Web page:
Success is a personal experience. It is subjective.
For some people, it means building an empire worth billions of dollars.
While for some, it simply means being content with where you are and what you have.
So there’s no common metric that can calculate how successful a person is.
And yet, how we define the path to “success” can propel us to our next level or it get us into serious trouble.
It can build us up, keep us stuck, or even break us down.
Let’s take a minute and look at the things that we’ve been taught on how to be successful:
Work really hard
Always give your best
Say the right things
Go the extra mile
Strive for greatness
No pain, no gain
And the most important of all - Never Give Up!
Over time, those success tips have become rules. They’ve become requirements that we have to meet in order to “feel” successful.
But when we try to look at the big picture, we realize that these requirements don’t necessarily bring us the elusive success that we seek.
In fact, there are people who clearly don’t follow these rules and yet they are happy, thriving and successful in life.
What’s disheartening is that when we reflect on the topic of “success” closely, we realize that we are doing a lot of things not for the purpose of succeeding but for the purpose of satisfying the people who’ve laid out the rules.
Our parents. The teachers. Religious authorities. Mentors. Employers. And sometimes even our friends also have a say in our success.
So now we don’t just feel unsuccessful - we also feel resentful and exhausted.
As we work harder and try harder to meet the requirements for success, we don’t notice that we are already overextending ourselves to the point of exhaustion… and without really achieving anything concrete.
We overextend ourselves diligently because this is “how” they say we can succeed.
These things don’t make us successful, they actually make us over-extenders:
Glorifying busyness, over-scheduling
Saying “YES” to everything
Excessive self-reliance, not asking for help
Equating value to productivity, output
Ignoring basic signals from the body (rest, hunger, pain)
Having no time for close, intimate relationships
Never-ending to-do lists
Powering through burnout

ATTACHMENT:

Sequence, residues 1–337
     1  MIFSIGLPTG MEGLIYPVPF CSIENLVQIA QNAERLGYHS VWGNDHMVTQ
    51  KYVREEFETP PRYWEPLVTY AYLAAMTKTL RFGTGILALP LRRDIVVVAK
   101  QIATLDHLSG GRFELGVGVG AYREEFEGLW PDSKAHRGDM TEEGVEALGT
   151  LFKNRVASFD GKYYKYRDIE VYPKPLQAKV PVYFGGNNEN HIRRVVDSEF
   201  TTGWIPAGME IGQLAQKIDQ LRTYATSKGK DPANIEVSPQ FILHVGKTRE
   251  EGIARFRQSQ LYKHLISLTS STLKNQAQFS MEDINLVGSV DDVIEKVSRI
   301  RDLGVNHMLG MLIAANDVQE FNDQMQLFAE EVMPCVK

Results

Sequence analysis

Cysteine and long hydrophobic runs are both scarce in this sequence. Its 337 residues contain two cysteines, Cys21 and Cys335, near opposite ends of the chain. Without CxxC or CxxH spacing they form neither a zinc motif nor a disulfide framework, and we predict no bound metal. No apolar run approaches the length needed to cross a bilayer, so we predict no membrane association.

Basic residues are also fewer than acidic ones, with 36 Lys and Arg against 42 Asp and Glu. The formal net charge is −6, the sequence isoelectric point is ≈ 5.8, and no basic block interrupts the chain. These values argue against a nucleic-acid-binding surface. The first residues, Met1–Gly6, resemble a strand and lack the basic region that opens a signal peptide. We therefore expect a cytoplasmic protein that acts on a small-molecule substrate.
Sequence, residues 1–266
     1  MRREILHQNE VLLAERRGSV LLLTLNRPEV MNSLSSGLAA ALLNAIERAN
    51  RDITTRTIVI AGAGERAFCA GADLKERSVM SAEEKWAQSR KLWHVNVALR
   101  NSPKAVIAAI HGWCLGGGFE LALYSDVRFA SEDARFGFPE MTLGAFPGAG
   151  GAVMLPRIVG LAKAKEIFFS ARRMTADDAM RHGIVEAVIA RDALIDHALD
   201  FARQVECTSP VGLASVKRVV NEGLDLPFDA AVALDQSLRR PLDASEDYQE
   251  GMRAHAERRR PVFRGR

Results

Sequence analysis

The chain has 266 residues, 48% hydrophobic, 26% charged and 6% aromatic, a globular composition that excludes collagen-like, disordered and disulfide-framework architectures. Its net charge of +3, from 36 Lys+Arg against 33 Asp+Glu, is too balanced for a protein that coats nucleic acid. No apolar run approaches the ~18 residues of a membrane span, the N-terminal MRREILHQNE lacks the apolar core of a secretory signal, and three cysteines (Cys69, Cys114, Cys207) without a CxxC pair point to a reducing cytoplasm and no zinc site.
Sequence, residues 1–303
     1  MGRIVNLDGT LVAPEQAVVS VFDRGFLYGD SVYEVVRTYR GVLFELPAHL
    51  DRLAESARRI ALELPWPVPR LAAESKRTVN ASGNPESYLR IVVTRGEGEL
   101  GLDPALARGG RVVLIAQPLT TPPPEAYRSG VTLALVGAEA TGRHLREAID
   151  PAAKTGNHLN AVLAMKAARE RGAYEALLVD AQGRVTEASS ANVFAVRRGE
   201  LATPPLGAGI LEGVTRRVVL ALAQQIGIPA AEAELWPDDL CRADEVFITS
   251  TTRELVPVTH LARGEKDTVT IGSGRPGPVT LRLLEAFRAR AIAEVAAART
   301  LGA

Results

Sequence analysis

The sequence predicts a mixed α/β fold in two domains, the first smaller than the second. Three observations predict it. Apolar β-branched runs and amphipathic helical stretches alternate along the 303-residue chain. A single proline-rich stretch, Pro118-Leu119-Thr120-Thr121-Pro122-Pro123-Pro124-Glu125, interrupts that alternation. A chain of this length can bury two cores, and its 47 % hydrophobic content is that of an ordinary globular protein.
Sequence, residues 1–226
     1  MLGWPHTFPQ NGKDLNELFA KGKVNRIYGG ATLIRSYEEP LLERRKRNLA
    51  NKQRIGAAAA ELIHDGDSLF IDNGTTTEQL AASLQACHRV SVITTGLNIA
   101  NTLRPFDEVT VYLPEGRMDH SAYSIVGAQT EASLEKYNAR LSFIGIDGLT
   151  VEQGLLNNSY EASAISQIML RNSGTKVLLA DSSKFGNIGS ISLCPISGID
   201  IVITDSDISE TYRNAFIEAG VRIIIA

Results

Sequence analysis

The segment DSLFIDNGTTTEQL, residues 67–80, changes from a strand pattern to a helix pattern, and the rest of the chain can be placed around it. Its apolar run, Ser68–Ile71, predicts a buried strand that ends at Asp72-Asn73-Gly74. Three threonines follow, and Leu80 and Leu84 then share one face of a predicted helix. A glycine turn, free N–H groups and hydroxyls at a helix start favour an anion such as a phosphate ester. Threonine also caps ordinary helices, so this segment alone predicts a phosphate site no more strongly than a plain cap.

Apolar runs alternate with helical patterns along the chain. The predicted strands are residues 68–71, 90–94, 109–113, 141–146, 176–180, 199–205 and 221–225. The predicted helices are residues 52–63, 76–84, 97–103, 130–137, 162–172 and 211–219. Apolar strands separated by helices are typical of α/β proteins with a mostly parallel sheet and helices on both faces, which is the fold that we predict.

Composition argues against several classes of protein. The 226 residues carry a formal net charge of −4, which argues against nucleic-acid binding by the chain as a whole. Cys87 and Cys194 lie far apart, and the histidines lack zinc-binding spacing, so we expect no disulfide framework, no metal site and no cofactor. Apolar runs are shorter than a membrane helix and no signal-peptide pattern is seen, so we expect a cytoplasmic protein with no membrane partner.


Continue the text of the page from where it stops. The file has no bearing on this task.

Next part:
Sticking to rationality without emotionality
On a personal note, it took me two weeks to respond to my friend’s voice note.
My excuse, as always, “I’m so busy, I’ve got so much going on.”
Have I been busy? Yes. So much so that I don’t have time to connect with a friend through a quick note? No.
I did have time...to say “yes” to another request. I did have time to add more things to my to-do list. I did have time to pile on more productivity, busyness, skip through lunch and equate it to my… success… to my value and worth.
This is not success. This is overextending.
In my case, I know it’s related to something I’m avoiding. Some decisions I’m trying to put off. It’s also tied to my perfectionism and need for external validation.
The moment I start making zero time for my relationships, that’s when I know… it’s time to rest, recalibrate and remove things from my to-do list. Check-in with my avoidance behaviors and get to the core.
What do I feel I have to prove? Where did this come from?
So how do we stop overextending in the name of success?
I personally follow these 3 steps -
Step 1 Give yourself permission to rest.
Listen to your body and don’t ignore signs like pain, hunger, or stress.
In order to do this, you have to make peace with where you are at.
Comparing yourself to what this or that person has achieved, built, earned, created, is not going to help you.
Instead, celebrate whatever you’ve already achieved and know that this is enough.
Step 2 Aim for the things that bring you joy.
A lot of people are not successful because they have no idea what will make them happy.
So they borrow other people’s definition of success and work really hard to achieve it.
And once they’ve succeeded, they start to wonder why they’re still unhappy.
You see, that’s not how it works.
Ask yourself what will make YOU fulfilled on a long-term basis.
To come up with a reliable answer, remove other people out of the equation.
If you must overextend, be in pain, and twist yourself into a pretzel to become successful, it could be a sign that you’re just trying to prove something or convince people of your worth.
Step 3 Heal anything that isn't rooted in compassion.
Whatever kind of success you are trying to achieve, it should inspire kindness towards yourself.
It shouldn’t push you to abandon your well-being. It shouldn’t force you to neglect your personal relationships.
Overextending is not an act of self-love. If anything, it is an act of self-betrayal.
When you catch yourself overextending, take a few moments to reflect. You might want to ask yourself, “Why am I doing this? What am I trying to prove? Why is this thing more important than my well-being and happiness?”
I hope these 3 steps help you redefine success without having to overextend yourself.
My course, Breaking the Cycle of Self-Betrayal, is open for enrollment!
This is intensive training for people who are ready to heal their self-betraying habits and shift them into self-loving, self-respecting, and self-honoring behaviors.
Check out the full curriculum here
We start on March 7th!